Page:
He was apparently referring to the administration of President George Bush, which was succeeded January 20 by that of President Barack Obama.
    The official also objected to the glorification in the Hizbullah stronghold of south Beirut of Imad Mughniyeh, the Hizbullah military commander who was killed in a Damascus car bombing in Feb. 2008 that the movement blamed on Israel.
    “For years Hizbullah denied having any knowledge of Imad Mughniyeh, for years Hizbullah pretended that Imad Mughniyeh and that whole era of Hizbullah was not really Hizbullah, it was something else,” the official said.
    “And now all over south Beirut are all these posters extolling the virtues of Imad Mughniyeh,” said the official of the man who made America’s most wanted list for his role in anti-U.S. and anti-Israeli attacks in the 1980s and 1990s.
    When a journalist suggested he did not sound happy with the British decision, he replied: “No.”
    Last week, Gordon Duguid, a State Department spokesman said “we are not ready to take the same step” that the British took, declining to either praise or criticize it.
    However, the Obama administration, which has talked about engaging states hostile to the United States, seemed interested in the results of the British contacts with Hizbullah when Duguid said “we will watch how that proceeds.”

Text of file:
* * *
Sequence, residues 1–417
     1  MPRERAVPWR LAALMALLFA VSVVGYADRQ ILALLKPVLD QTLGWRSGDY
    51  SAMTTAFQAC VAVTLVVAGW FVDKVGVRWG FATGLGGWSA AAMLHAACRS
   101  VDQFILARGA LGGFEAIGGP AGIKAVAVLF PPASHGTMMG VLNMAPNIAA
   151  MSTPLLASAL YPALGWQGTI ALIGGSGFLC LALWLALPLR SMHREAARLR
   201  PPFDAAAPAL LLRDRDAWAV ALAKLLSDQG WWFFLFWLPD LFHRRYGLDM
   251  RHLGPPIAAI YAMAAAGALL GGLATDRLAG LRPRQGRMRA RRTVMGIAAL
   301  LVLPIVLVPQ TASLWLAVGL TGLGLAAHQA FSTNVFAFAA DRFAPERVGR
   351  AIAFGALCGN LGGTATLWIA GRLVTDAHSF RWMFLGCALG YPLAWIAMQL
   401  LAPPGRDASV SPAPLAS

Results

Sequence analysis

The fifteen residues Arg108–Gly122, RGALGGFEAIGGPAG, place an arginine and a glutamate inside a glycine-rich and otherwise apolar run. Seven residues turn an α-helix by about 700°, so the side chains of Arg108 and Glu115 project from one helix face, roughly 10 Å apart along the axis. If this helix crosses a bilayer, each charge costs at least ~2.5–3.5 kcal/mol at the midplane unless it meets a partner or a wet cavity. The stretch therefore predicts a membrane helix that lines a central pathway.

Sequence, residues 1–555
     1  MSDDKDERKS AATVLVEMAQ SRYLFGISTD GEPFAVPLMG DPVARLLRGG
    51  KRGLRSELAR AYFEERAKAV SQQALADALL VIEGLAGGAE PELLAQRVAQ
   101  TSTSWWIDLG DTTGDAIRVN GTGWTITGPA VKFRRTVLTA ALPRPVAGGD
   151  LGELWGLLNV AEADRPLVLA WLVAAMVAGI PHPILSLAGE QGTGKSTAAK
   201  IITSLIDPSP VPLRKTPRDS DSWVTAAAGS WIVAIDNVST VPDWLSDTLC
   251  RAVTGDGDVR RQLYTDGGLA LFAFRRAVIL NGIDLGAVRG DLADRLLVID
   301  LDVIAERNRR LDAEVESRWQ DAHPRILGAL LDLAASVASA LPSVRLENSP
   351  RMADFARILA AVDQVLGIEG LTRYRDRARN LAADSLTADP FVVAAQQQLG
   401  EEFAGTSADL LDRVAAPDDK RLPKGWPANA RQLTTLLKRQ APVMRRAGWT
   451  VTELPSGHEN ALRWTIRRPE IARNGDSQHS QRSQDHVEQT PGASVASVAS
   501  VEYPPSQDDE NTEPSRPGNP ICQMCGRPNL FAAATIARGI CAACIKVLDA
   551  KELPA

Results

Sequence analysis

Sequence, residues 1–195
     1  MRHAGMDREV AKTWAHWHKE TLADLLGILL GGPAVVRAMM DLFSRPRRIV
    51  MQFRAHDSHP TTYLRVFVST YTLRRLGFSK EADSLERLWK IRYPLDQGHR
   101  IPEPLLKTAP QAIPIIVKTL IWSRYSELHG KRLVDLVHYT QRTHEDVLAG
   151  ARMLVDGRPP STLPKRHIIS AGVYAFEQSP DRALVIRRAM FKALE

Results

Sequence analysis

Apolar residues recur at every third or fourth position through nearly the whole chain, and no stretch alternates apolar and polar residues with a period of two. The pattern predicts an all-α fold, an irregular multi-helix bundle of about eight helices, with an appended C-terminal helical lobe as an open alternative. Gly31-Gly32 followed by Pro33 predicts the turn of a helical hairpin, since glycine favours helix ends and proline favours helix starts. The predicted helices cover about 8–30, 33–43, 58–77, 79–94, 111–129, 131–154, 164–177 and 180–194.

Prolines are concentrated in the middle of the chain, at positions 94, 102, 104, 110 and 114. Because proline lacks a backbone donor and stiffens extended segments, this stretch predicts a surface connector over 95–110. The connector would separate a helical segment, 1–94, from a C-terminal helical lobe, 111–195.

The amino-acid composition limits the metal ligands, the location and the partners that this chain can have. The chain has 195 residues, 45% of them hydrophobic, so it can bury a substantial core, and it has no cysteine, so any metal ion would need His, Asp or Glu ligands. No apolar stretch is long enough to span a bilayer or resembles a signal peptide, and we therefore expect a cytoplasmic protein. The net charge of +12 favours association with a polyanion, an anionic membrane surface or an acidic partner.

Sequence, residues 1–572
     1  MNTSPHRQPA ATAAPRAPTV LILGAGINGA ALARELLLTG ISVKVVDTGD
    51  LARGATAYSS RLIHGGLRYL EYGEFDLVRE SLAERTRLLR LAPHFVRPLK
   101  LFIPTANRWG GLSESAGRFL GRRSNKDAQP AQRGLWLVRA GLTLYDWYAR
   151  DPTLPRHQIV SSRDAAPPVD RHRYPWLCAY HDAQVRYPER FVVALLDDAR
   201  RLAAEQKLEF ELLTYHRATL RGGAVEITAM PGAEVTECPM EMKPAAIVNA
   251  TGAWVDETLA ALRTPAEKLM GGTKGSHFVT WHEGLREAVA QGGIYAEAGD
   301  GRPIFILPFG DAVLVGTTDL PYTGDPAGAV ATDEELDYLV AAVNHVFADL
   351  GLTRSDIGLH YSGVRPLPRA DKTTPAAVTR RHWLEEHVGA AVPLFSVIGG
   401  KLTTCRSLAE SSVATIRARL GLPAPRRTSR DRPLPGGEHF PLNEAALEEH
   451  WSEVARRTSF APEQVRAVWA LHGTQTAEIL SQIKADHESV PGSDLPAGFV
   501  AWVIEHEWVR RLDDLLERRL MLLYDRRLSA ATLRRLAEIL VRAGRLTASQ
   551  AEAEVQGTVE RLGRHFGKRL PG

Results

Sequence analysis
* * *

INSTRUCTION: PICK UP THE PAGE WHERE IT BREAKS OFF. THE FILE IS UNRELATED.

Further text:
And in sharp contrast to the senior government official, a State Department official told reporters on the condition of anonymity last week that Washington envisioned possible benefits from the British decision. (AFP)”
    Glen Greenwald had a piece in yesterday on this pernicious anonymity,
    as well as good pieces on Freeman and particularly Schumer in the last few days.

  35. J says:

    There are wonderings if this ‘meet’ between the IDF chief is a ‘liase’ meeting for a Israeli/U.S. joint strike on Iran, or a coordination for an upcoming Israeli strike on Iran.
    Or is he in town to collect more intel from his AIPAC espionage stooges? Or is his trip to D.C. to try and ‘brow beat’ the DNI and our IC into submission to his Israeli nonsensical whims regarding Iran?

  36. Sidney O. Smith III says:

    Surely some high falutin’ person in this great land of ours has the wherewithal to know how to turn the Freeman resignation to the strong advantage of the US. I mean, geez, all them people with fancy cars and law degrees and the such from Georgetown, you’d think…
    Of course, a high falutin Washington type would charge at least 700 dollars an hour and that’s low ballin’ it. And therein lies one potential problem, I suppose. Non group thinking ain’t high falutin’, I am sad to say.

  37. Ralph Hitchens says: